Archives For Nintendo

Review – Pushmo

January 8, 2012 — 1 Comment

“Simple gameplay and a great level creator help make Pushmo a stellar puzzle game for your pocket.” – Read the rest at GameSpot.


We live in a world, gaming-wise,  where it’s pretty unusual for a video game –

You want this game? Better get out your stamps and stationary.

especially from a big publisher/developer – to stay exclusive to one territory. There’s still some really bizarre stuff made in Japan that doesn’t make it overseas (but usually, I don’t think many people care), but for the most part everything is shared. Heck, when an “erotic anime-style puzzle game” like Catherine can make it to the US, all bets should be off.

Yet for whatever reason, Nintendo of all people haven’t gotten the message. But some fans have finally had enough, and want to make sure Nintendo gets the message loud and clear.

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This is really more of a story than a review, but it’s got review-like qualities in it, and it talks about Nintendo’s online systems, so…

The other night I finally got around to transferring my Nintendo DSi purchases to my Nintendo 3DS – a new feature in the latest 3DS system update. I didn’t have many games (the DSiWare store wasn’t filled to the brim with quality, and it was really hard to navigate and find the gems in there), so I figured it would be a relatively painless process. The whole thing even started with Pikmin running across my 3DS screen to grab the DSi software and transfer it, so that was a nice, charming touch that made me feel pleased with how things were going.

Until disaster (almost) struck.

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Photo from

Sony stunned a lot of people when, at their E3 media briefing on Monday, they announced that the wi-fi-only model of their new portable system – now officially named the PlayStation Vita – would retail for $250 USD. This price is a big deal for two reasons: One, it’s far lower than most analyst predictions (I personally predicted a price of around $400. Some were even higher) and two, it brings the system in line with Nintendo’s 3DS.


When the 3DS launched, it had a strong start. But sales quickly dipped and the hardware currently isn’t meeting Nintendo’s expectations. That’s not to say the system is failing by any means, but it’s obviously not what Nintendo wanted. Sony, who did respectfully with their first foray into portable gaming with the PlayStation Portable, probably sees this as a golden opportunity to jump in.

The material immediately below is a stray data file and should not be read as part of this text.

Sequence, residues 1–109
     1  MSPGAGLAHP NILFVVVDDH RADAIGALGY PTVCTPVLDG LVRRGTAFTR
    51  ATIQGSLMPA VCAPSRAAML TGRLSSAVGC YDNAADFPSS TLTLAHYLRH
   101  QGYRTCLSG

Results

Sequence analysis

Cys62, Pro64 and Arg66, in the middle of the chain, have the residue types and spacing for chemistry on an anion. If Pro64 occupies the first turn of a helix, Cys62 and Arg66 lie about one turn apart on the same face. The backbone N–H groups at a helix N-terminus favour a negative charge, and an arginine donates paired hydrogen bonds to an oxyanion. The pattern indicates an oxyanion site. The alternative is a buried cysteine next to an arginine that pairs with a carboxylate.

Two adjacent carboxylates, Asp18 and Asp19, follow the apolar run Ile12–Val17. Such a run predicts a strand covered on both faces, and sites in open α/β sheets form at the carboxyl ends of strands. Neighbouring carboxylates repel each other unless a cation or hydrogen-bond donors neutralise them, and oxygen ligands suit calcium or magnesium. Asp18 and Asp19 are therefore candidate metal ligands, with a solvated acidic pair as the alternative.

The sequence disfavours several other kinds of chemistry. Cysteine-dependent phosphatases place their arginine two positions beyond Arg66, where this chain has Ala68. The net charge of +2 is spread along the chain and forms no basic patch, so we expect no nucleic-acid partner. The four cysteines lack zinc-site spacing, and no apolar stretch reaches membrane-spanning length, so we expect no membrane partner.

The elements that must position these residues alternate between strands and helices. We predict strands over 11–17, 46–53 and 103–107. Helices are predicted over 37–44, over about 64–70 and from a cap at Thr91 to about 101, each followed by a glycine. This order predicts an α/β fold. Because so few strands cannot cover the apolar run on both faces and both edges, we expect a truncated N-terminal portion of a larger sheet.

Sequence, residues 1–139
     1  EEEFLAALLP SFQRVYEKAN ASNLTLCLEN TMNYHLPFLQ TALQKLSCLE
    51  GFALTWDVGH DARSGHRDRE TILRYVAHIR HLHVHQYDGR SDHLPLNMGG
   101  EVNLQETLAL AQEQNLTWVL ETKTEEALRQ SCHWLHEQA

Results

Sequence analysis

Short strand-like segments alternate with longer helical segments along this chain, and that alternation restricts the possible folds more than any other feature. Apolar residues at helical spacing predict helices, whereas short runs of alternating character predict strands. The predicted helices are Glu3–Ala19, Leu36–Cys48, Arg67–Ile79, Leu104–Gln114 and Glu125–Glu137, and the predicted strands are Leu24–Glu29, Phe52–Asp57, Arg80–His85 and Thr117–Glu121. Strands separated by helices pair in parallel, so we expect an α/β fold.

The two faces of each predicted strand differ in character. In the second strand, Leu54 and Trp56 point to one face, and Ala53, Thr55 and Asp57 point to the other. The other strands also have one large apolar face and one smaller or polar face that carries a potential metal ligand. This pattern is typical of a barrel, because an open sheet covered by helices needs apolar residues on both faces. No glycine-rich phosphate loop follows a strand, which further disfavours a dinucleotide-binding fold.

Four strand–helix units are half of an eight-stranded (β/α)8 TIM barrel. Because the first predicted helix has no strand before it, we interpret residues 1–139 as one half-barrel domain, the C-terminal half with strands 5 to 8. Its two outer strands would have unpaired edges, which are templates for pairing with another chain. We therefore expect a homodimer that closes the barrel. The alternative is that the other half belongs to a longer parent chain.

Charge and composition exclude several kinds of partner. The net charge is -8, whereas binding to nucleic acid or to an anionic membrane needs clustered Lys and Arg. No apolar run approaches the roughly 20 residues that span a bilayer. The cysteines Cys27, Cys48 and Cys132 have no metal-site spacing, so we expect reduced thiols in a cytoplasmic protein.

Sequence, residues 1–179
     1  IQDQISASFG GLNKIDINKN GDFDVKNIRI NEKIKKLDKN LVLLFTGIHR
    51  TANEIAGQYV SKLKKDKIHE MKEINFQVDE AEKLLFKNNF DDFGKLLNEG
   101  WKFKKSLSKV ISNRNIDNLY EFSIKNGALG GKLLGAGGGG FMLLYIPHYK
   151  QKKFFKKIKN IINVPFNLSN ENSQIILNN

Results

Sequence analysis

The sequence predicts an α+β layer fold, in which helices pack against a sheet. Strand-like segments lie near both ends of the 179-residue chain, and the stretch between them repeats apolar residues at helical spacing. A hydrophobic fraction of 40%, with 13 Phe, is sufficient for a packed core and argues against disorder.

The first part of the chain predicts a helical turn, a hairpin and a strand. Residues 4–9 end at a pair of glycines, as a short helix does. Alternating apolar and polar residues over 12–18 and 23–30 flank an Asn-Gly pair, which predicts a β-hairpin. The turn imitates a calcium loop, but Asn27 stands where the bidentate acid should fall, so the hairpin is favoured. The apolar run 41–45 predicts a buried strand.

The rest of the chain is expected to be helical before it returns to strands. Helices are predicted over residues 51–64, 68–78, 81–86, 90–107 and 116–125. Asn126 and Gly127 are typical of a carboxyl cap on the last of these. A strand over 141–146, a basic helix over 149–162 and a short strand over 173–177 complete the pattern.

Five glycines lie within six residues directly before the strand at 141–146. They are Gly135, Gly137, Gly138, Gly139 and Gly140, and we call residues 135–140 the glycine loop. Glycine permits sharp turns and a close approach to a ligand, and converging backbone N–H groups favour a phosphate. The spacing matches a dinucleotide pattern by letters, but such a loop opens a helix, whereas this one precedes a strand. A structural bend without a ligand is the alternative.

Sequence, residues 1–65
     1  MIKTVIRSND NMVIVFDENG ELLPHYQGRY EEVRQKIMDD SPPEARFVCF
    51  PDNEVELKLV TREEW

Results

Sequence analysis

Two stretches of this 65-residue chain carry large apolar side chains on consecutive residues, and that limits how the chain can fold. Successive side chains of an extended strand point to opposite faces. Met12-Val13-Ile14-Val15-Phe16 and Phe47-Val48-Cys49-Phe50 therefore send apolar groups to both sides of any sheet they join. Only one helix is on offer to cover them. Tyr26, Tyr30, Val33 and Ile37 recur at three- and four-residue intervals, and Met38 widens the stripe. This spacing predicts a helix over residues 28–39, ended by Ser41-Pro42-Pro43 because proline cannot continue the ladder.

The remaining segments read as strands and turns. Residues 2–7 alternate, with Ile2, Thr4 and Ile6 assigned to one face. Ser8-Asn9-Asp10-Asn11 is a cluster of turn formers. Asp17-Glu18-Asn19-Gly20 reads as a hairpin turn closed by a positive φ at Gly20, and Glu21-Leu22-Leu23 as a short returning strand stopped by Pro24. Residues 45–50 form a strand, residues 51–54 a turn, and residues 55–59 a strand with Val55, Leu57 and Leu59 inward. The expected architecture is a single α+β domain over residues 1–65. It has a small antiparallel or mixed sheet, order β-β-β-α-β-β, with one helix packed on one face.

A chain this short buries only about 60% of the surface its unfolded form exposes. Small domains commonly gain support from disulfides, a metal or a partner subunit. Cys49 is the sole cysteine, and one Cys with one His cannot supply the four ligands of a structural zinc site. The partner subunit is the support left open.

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My first thoughts about Nintendo’s conference (and their new hardware) after the jump. I might make a new post after I digest it all a little. It’s pretty crazy stuff.

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Rumored "leaked" image of Nintendo's new console and controllers.

More than anything else, new gaming hardware tends to drive a lot of the excitement at each year’s Electronic Entertainment Expo. It’s for this reason that most eyes are on Nintendo as we approach the 2011 show.

Amidst rumors and speculation, Nintendo has confirmed that they will be showing their new console – a successor to their immensely successful Wii, allegedly codenamed “Project Cafe” – at E3. But that’s about all we know for certain. Rumors have been flying about what new features and gimmicks the console will bring with it. Most sources seem to pin the system’s power as at least a little better than the current Xbox 360 and PS3 consoles. That’s to be expected, as those systems are over five years old and the Wii was already an old piece of equipment. It would be absolutely crazy for Nintendo not to give this new thing more juice.

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Review – Wii Party

October 13, 2010 — Leave a comment

Wii Party is a party game for the Wii. Surprise! But it’s actually not bad, especially if you’ve got a good group of friends to play with. Check out my full review on The Daily Toreador website.

As I type, it’s 1:00am Central Time, and Nintendo is hosting a conference in Japan. The main topic of discussion: The 3DS.

Most of us were impressed with the device’s showing at E3, but now I’m even more excited for the handheld. Some bulletpoint announcements:

– February 26, 2011 launch for Japan, March 2011 for North America and Europe.

– Launching for 25,000 yen, which is around $300 USD, but no US price has been announced (I wouldn’t be surprised if it was closer to $250).

– 3DS Virtual Console, FINALLY bringing us Game Boy, Game Boy Color, and Game Boy Advance games in a downloadable format.

– Tag Mode, a popular feature of many DS games, is now purely hardware based. What this means is that you do NOT have to have a game in sleep mode in order to exchange data with other users. Simple have your DS on – asleep or awake, it sounds like – and you can collect data from a variety of games and a variety of users. HUGE improvement over the old system.

– This tag mode can be used to exchange leaderboard info, download ghost data, etc.

– You can create Miis for use on the 3DS, and it sounds like you can take pictures with the system’s camera and have it auto-generate a Mii for you.

– Nintendo is experimenting with providing 3D TV on the device, at least in Japan.

– This is old news, but a ton of big hitting companies are behind the device, such as Square Enix, Konami, Capcom, Level-5, Kojima Productions, and more.

– Resident Evil The Mercenaries 3D was announced. Apparently different than “Revelations,” which was announced at E3.